In Back to School Book Report, Jeanne Allen reviews two new books on the history of education reform.
Mary C. Bounds’ A Light Shines in Harlem begins in New York in 1999 as the state’s charter school law is being debated.
The “light” is the Sisulu-Walker Charter School, New York City’s first charter. Wyatt T. Walker, former chief of staff to Martin Luther King, co-founded the school with help from Steve Klinsky, a “Wall Street investor-turned charter school crusader who recognized that without educational excellence, civil rights is a hollow term,” writes Allen.
The book “tracks the tenacity and heroism of a few of the reform movement’s earliest and lesser known pioneers.”
In No Struggle, No Progress, Howard Fuller reminds us “what it really means to be in a country that offers opportunity — but not without struggle,” writes Allen.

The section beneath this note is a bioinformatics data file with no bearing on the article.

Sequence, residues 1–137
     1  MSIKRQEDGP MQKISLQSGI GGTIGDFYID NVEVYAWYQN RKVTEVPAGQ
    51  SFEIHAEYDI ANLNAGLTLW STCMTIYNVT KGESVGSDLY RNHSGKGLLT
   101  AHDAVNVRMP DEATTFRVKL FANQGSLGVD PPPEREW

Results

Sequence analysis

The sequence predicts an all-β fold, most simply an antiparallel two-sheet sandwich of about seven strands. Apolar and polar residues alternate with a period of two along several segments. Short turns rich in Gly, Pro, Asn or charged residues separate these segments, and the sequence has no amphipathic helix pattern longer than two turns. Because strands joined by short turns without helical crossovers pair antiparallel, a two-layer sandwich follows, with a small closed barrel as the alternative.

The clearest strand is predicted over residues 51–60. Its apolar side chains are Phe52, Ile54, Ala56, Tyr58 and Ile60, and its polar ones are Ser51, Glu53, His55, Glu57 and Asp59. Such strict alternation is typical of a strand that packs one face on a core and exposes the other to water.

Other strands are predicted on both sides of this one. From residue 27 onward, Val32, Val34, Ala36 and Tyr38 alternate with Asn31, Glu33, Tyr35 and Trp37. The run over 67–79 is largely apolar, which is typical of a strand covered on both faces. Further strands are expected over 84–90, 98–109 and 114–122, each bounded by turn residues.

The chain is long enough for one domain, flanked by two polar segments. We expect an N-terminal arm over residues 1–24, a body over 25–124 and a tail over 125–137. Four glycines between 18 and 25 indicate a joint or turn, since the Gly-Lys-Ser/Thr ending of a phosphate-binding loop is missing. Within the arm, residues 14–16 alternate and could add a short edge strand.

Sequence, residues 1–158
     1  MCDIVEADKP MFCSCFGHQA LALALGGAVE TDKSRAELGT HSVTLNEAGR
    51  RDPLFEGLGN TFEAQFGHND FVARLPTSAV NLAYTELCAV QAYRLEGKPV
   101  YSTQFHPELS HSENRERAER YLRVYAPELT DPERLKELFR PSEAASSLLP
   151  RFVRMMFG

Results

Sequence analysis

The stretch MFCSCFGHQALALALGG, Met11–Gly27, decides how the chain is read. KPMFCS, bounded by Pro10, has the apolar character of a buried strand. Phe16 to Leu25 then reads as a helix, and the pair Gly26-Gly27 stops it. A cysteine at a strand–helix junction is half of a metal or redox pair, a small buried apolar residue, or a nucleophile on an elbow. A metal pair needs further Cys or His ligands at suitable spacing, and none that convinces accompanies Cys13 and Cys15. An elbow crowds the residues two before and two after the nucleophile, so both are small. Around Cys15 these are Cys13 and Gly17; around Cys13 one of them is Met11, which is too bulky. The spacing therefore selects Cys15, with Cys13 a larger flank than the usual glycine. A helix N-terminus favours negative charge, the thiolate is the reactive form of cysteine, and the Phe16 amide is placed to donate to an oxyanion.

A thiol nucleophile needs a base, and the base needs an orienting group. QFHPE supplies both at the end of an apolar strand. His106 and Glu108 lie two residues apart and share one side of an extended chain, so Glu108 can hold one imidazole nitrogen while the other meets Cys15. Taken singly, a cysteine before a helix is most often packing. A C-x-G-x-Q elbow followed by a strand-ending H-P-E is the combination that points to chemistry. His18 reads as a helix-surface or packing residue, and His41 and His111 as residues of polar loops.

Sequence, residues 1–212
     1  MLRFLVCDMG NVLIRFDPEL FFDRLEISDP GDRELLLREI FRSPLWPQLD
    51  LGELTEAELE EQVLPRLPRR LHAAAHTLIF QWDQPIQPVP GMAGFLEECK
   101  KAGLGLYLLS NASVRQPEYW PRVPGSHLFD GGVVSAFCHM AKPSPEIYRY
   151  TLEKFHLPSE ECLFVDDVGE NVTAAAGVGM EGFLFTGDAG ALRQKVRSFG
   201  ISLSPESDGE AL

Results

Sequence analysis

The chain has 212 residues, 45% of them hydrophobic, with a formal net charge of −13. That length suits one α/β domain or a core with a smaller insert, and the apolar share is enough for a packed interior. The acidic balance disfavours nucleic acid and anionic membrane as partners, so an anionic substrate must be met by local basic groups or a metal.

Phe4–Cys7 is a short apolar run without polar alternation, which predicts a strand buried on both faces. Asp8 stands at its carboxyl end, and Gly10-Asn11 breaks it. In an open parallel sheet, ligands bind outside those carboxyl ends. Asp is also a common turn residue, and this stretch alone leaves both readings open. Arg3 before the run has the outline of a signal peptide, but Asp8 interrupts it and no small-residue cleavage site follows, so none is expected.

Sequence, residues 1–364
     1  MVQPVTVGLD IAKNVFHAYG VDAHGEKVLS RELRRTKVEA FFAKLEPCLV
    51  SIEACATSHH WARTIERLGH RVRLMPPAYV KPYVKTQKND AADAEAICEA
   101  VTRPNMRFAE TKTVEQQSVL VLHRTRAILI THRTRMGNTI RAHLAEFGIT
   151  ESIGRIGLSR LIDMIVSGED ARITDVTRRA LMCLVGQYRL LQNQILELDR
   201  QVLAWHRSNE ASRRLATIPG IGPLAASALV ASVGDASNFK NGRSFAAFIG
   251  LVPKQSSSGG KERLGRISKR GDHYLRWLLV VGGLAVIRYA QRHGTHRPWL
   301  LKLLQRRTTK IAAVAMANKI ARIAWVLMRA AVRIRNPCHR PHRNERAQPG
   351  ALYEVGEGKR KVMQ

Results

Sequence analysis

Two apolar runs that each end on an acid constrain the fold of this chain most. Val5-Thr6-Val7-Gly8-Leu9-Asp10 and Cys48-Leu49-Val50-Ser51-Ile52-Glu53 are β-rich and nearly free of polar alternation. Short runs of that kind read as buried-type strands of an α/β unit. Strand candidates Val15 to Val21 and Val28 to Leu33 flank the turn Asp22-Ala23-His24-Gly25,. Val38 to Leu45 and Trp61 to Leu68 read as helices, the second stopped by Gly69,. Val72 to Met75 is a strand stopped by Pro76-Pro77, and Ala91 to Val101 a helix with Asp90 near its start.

Raised in a strong, though fatherless, family in Milwaukee, Fuller attended Catholic schools that held him to high expectations.
As a student activist, he crusaded for black power. He led “a new movement of real equity and justice for kids that unites people across all the traditional dividing lines,” writes Allen.
A critic of Milwaukee Public Schools, Fuller became the superintendent in 1991-1995 and a leading advocate of charter schools and voucher programs, writes Alan Borsuk in the Milwaukee Journal-Sentinel.
“What has been constant for Fuller has been burning desire, especially when it comes to African-American kids, to see a lot more students succeed.”
Fuller runs the Institute for the Transformation of Learning at Marquette, where he’s also an education professor.